“What makes a good technical consultant?” It’s a straightforward question, but one that isn’t always answered well. Some describe a good IT contractor as a person who works hard, is in-and-out, and leaves a job well-done. When you ask about bad technical consultants, they’re described as “Someone who lacks a strong work ethic and communicates poorly.”
What’s wrong with these descriptions? While both are accurate, they leave out some finer nuances. In today’s blog post, we’ll discuss the six markers of a good technical consultant so that you know whether or not you’re living up to rock-star standards.
1. A Good Technical Consultant Is Someone Who: Attacks Projects
When a company brings on outside help, it’s because they have a problem they need solved, and they need it solved quickly. They don’t want someone who is going to sit around and ask a lot of questions. They want someone who will solve the issue and then seek out more work. In short? Companies want one-person, self-directed, quick-referencing, task-destroying animals.
Of course these types of consultants are appealing: they do what they are hired to do and yet want to do more. Yet, there is another reason that these contractors are deemed ‘the good ones.’ This sort of person does not require too much support. Questions are okay, but only after you’ve searched all the low and middle hanging fruit. Bad technical consultants don’t do this kind of research, and take up the rest of the team’s time. Companies like productive, self-reliant, hungry individuals.
2. A Good Technical Consultant Is Someone Who: Communicates Clearly and Often
You realize that there is no way task x can be completed by y date. What do you do? Do you tell management? Or do you keep the information to yourself?
It all depends on whether or not you’re a good or bad consultant. A bad consultant would keep this information to themselves. A good consultant, on the other hand, would warn management.
Good technical consultants keep people apprised of completed tasks, next steps, and arising issues. They communicate well, so there are never any last minute surprises. And, in the corporate world, no surprises are a very good thing.
3. A Good Technical Consultant Is Someone Who: Stays Out Of The Political Fray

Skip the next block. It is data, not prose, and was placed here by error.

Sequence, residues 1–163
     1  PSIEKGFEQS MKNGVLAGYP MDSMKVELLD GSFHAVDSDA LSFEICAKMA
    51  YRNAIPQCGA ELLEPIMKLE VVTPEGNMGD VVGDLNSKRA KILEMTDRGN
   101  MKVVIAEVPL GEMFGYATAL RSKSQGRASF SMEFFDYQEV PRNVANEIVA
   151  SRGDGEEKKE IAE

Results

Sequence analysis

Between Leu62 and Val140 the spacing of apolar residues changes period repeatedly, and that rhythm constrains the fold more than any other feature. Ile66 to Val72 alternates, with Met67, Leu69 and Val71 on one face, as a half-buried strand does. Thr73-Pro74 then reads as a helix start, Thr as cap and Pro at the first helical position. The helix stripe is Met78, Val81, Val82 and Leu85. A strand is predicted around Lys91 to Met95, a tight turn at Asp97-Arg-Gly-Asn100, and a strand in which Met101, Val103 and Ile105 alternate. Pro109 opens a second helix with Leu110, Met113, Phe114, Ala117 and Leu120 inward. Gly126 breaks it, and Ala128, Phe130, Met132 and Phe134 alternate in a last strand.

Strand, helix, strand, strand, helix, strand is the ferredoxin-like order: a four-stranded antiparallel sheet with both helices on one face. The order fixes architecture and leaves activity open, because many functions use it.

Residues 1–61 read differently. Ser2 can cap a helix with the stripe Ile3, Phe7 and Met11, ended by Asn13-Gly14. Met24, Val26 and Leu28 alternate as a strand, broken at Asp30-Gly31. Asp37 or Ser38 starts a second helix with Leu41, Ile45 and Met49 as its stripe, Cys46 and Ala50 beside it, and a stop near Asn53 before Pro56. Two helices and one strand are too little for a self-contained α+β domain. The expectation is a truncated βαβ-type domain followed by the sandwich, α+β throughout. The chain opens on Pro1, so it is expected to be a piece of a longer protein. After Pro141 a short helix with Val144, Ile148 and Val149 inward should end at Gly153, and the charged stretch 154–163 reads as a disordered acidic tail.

While office politics crop up in any work environment, a good technical consultant does not get involved. The company didn’t bring you in to fight political battles, but to solve technical problems.
Leave the office politics to the full-time employees. It might not be as hard as you think. FTE often view contractors as little-invested, short-timers and newbies. As a result, your opinion is lessened in their eyes. Stay out of the fray.
The only exception? Self-serving, small-ball politics. It’s okay to play a little ball to get that week off or to convince people that you can do that other task. Outside of this? Get out and stay out. Drama seekers need not apply to technical consulting positions.
4. A Good Technical Consultant Is Someone Who: Offers No Unsolicited Suggestions
Have you ever been speaking to a family member or friend and they give you unsolicited advice? How often are you thankful? How often are you annoyed? Does it depend on the day? The adviser? They way it’s given?
It’s the same thing with hiring companies. Some companies will be thankful and others will be annoyed. If they want contractors’ input and suggestions, then great! Give it! If they don’t want your input, however, keep it to yourself. In this case, it’s kind of like office politics. They brought you on to solve an issue, not re-invent the wheel.
5. A Good Technical Consultant Is Someone Who: Does What They Are Told To Do
Has your boss ever given you a project and you’ve wondered why in the world they would ever ask you to do that? It happens, probably more often than you think. So, if you find yourself in this position, what do you do?
A good consultant informs their manager if they see something horrific in the code base. If their manager says, “I know. Please do it anyways,” then a good consultant will do it anyways. They recognize that there are two reasons, both technical and business, for building a code. Sometimes they clash. Do what your manager tells you – just don’t commit any crimes!
6. A Good Technical Consultant Is Someone Who: Never Misses A Deadline
Did you tell your manager that you’d have something done by Monday at 8 a.m.? If you’re a good consultant, you’ll have it done. It doesn’t matter if you have to work all weekend to meet the deadline. Have it done. If you do so, you’ll reach technical consultant rock-star status.
See what I mean? It’s all about the nuances. Sure, a good technical consultant works hard, is in-and-out, and leaves a job well-done. They do. But they also do what they are told, never offer unsolicited advice, and stay out of the political fray. There’s a lot to being a good technical consultant, but it’s nothing you can’t handle.
Thanks to alex012 for the use of their respective photographs.